In the past, I have discussed overload and adaptation. Overload/Adaptation is the idea that incremental overloads on a regular basis which allows the body to adapt to the increases in stress by initiating physiological change in the body. As these overloads become more frequent the body adapts and can perform the specific task at greater and greater levels of output.
When training a particular athlete or individual how is this idea of overload/adaptation implemented?
The training, both tactically and strategically, must be specific to the sport or the clients objective. This statement is obvious but becomes much more complicated and tricky as the athlete/client becomes fitter. Clients come to us all the time and say I train all the time and nothing changes.
A good example would be in training a 100 meter sprinter. It makes sense anecdotally that having a really strong grip is not necessarily going to make you a great sprinter. So spending large amounts of time on one’s grip would not be the best use of training time for a sprinter. Now a wrestler would look at his grip as an important part of the sport and a weak grip would be something that would need to be addressed. The correlation of grip to wrestling has a much higher relationship than the correlation of grip to sprinting.
Why should you care about correlation in Strategy?
The above example demonstrates the concept of correlation and how it relates to developing the strategy of training. If one had the time and the inclination, correlation coefficients could be measured on different performance measures to rank the value of training exercises relative to a sport. This is also important for the individual who just wants better health and body. If your coach does not understand these relationships then the strategy is random and typically results in little change. The correlation coefficient is a number between -1 and 1. If there is no relationship between the predicted values and the actual values the correlation coefficient is 0 or lower (the predicted values are no better than random numbers this would be the example of grip strength to sprinting). As the strength of the relationship between the predicted values and actual values increases so does the correlation coefficient. A perfect fit gives a coefficient of 1.0. Thus the higher the correlation coefficient of an exercise to the specific needs of the sport the greater the value of the exercise. A negative correlation number would be actions or exercises that actually take away from the performance of a specific sport. These correlations are really measured by the experience of the coach or through trial and error of an athlete.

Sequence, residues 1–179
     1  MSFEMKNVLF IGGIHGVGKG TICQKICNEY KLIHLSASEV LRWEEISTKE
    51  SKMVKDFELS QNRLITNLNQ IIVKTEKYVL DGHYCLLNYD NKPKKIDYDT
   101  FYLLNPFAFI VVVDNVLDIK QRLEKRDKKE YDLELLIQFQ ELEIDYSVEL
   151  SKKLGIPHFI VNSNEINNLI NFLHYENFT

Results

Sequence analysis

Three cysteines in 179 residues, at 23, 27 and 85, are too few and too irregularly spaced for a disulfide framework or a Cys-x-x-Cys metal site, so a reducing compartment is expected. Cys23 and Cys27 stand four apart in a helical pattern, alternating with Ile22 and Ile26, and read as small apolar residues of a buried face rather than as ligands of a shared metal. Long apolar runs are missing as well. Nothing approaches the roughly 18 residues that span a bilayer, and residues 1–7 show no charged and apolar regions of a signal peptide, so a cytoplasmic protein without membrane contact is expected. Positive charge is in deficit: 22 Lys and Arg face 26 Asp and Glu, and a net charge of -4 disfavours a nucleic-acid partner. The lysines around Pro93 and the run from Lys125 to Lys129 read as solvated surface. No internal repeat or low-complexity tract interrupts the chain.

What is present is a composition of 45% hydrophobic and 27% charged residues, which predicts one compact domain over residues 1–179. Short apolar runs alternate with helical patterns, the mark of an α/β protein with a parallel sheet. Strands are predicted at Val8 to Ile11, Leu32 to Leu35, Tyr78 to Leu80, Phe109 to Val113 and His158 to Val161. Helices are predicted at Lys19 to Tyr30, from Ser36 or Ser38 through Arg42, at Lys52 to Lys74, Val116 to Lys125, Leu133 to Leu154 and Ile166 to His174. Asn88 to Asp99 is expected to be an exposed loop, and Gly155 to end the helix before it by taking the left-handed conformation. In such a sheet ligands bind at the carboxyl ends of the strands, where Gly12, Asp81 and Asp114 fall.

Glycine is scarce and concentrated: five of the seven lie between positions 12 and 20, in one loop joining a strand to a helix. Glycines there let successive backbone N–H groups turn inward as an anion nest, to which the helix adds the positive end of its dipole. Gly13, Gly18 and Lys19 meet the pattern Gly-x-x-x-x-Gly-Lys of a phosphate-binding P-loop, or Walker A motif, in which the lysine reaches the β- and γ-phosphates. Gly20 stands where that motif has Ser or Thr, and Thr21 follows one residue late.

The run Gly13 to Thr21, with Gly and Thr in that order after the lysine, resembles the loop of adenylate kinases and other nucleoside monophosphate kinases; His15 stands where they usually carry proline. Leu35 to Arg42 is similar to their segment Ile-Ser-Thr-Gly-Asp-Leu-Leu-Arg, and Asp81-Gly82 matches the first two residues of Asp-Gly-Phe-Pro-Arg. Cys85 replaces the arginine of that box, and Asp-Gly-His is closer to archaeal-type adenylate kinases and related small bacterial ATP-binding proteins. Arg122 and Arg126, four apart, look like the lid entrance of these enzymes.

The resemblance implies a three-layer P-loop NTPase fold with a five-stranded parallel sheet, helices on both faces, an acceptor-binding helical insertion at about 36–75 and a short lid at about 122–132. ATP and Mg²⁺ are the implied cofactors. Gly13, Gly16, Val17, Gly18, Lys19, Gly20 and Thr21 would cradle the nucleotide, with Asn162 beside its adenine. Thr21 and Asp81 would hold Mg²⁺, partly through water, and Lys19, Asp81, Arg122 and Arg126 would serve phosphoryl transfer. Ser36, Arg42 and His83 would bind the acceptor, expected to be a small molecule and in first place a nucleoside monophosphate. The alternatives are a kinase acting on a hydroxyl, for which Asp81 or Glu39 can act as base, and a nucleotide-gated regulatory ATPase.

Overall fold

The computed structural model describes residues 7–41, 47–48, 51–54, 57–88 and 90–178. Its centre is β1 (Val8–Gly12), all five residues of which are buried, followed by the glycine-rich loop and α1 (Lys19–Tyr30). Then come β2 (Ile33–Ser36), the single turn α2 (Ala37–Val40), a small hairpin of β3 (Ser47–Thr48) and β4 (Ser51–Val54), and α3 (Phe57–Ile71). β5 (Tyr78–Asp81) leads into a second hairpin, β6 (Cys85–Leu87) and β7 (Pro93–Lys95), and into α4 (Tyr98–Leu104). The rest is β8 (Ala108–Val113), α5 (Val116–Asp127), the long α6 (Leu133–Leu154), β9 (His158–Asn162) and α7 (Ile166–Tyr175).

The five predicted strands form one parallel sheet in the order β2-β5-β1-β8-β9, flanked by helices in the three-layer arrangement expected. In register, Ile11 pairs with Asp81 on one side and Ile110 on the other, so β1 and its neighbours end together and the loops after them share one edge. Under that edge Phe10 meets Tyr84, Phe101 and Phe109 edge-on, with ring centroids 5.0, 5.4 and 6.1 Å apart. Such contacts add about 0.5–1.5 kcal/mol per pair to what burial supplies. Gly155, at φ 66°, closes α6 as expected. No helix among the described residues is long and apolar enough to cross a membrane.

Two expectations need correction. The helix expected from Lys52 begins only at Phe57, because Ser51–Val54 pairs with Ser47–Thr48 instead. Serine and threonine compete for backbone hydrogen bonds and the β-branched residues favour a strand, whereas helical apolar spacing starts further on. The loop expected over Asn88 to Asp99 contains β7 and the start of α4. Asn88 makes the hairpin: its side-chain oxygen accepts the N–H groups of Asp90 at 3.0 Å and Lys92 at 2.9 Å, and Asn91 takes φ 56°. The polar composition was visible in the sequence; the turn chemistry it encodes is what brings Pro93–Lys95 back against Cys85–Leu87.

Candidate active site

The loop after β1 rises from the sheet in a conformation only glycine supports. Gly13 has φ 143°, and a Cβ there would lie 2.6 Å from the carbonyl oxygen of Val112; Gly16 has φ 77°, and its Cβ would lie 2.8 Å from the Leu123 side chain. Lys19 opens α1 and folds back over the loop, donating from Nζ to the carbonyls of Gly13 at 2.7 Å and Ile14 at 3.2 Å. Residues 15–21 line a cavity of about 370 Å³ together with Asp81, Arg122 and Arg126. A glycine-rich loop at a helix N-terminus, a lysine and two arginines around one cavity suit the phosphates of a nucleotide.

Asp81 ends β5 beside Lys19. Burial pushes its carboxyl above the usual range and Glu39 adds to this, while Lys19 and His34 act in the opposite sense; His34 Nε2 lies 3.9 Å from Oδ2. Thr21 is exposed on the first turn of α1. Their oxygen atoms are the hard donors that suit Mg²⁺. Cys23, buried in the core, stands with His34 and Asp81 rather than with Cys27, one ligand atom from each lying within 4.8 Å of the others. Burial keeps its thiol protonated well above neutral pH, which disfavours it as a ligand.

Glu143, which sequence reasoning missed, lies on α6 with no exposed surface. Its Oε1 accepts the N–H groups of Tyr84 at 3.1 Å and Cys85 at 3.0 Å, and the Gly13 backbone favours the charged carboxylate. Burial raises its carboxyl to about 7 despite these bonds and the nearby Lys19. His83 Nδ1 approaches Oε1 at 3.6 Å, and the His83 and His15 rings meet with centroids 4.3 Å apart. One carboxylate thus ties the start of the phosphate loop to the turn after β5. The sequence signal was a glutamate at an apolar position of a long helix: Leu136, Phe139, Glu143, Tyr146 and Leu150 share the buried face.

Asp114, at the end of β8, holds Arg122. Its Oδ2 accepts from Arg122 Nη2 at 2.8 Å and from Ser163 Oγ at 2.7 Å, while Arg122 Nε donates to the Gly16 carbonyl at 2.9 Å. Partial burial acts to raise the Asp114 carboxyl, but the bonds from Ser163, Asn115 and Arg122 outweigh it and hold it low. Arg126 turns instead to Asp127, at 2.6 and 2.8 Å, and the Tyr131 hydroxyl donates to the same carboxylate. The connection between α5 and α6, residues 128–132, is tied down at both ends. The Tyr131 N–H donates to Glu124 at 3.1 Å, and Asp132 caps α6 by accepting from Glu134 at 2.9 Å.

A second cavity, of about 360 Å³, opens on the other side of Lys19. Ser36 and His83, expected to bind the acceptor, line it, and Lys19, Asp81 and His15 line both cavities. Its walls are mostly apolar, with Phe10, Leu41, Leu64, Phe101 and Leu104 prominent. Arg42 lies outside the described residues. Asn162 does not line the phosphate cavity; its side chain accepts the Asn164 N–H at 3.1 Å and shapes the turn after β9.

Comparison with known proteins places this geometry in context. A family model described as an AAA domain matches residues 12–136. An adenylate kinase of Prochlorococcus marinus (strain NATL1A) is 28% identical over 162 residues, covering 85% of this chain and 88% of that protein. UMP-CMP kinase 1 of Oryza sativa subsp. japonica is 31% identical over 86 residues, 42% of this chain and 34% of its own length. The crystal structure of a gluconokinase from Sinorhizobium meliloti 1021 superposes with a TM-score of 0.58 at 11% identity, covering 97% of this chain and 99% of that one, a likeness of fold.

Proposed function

Strength and conditioning coaches must think through this idea of correlation and determine what aspects of a training strategy have the most impact on the performance of the athlete in a sport. If this is not being evaluated then precious training time is being wasted on areas that have little impact on the performance of the athlete. At Sirens and Titans we look for “tipping point” fitness gains. These tipping points are areas of fitness that with small gains can produce huge changes in the performance of the athlete during the sport. In most cases the tipping points present themselves after evaluating an athlete for functional fitness and baselining performance. Many tipping point fitness issues can be identified in this evaluation. Another area that has this type of fitness leverage is found in movements where power needs to be maintained for longer durations of time. This is the basis of the book I am currently working on for Rodale Press titled Maximum Overload for Cyclists. There are a lot of athletes that have great vertical jumps; however they can only execute a handful of jumps at a high output level. Training the athlete so they can maintain 90-100% of this output for a longer duration creates champions and changes the performance dramatically in competition.
In summary, think about the correlation of your training to your performance in sport or your personal fitness goals. Constantly be evaluating where this concept can help your performance and speed your progress. In addition, if you want faster results look for areas of weakness that would provide you with that “tipping point” performance progression. These are both game changers.
Truth in Fitness
Jacques DeVore, CSCS President Sirens and Titans Fitness Los Angeles.